I woke up this morning to dulcet Irish tones in my ear, along with some cheerful jiggy Irish music on the radio. I like a nice Irish tone and a lively jig very much in the general way of things, but this was a different kettle of potatoes altogether. These boys were telling me that there was no-one so Irish as the new, about-to-be-inaugurated, 44th President of the United States of America. I have to say that this was news to me. Who knew? But there it was. 'O'Leary, O'Connell, O'Brian, O'Hara--there's no one so Irish as Barack O'Bama'. Listen to The Corrigan Brothers for yourselves if you don't believe it.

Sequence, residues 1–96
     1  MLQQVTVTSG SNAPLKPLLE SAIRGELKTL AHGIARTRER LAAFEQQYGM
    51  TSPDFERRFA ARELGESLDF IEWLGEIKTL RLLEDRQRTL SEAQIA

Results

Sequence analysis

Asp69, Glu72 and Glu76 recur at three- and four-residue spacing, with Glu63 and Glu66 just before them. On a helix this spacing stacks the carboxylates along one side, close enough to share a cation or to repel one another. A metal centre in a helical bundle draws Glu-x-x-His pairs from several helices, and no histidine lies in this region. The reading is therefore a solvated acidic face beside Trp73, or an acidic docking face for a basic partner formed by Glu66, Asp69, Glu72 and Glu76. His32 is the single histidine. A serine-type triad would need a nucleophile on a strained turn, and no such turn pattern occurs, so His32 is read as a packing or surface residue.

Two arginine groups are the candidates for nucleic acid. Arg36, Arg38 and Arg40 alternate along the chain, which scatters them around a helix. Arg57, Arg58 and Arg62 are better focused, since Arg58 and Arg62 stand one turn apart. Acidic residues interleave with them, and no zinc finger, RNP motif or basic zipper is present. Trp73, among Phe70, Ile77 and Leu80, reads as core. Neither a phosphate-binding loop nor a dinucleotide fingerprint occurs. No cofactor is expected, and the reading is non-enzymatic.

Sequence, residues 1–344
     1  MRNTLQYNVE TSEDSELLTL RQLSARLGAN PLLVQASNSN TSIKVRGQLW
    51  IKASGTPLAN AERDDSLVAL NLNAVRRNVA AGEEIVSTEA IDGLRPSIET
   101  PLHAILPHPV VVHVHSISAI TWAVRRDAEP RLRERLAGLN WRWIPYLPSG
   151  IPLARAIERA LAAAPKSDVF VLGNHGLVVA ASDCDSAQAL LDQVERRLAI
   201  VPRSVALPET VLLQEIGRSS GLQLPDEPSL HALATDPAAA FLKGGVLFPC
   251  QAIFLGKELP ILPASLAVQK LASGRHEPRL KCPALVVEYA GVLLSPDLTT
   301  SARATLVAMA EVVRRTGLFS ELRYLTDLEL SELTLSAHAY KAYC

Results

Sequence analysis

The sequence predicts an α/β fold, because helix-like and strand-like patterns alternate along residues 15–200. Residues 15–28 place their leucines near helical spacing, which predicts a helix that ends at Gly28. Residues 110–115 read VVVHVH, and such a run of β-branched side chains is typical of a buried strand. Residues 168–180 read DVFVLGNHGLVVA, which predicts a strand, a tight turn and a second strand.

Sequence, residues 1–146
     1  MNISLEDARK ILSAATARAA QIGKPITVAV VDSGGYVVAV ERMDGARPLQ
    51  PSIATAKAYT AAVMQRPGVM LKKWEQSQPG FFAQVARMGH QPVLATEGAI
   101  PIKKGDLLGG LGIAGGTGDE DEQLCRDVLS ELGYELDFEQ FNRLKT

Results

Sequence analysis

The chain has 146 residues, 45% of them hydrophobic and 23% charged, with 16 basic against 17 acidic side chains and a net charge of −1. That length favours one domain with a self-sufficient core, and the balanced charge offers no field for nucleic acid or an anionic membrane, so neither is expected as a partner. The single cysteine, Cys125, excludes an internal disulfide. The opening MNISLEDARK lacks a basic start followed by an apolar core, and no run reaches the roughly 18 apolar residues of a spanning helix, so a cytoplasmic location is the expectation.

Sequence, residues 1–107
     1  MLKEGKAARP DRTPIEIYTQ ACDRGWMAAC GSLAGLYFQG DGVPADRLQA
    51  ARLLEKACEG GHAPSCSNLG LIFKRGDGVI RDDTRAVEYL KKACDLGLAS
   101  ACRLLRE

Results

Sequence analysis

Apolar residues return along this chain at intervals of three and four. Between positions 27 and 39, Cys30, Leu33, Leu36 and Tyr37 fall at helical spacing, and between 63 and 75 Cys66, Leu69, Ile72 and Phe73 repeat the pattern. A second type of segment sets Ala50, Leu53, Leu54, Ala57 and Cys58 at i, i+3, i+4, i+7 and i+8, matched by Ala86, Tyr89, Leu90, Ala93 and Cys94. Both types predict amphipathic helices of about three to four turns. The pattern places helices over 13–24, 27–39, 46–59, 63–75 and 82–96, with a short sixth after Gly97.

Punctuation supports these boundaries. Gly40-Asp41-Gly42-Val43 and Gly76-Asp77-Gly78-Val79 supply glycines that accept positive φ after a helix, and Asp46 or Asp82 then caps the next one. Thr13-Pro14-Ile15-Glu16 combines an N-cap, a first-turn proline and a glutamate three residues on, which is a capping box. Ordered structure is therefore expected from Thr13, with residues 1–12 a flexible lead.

Obama is not my President. I am a Brit with the blood of a Celt. But somehow, today, I feel that he is. In this terrible time of gloom and depression he seems to be a beacon of hope for the future of us all. So today, at 5pm UK time, I shall be watching as he takes that inaugural oath on a historic Bible--and there will be a good feeling in my heart, and probably a tear in my eye. I so very much like the way that he harks back to and respects history--taking Abraham Lincoln's route to Washington; serving the foods Lincoln liked at the dinner. Somehow, bringing America's great past into this present future has given it a new and as yet uncharted meaning. History is important. None of us should forget that. But I also love the fact that yer man could grin like a delighted schoolboy as he yanked on the train whistle and that iconic wavering, mournful note--the sound that signals the progress of so many long and pioneering journeys across the States--rang out. 'How cool is this?' was written all over his face. At the start of this most historic journey of all, I wish you luck, and good 'cess, Mr Obama. I wish it for all of us. And I am delighted that your Celtic roots have been uncovered at last. Perhaps you are truly a man for all nations. I hope so with all my heart.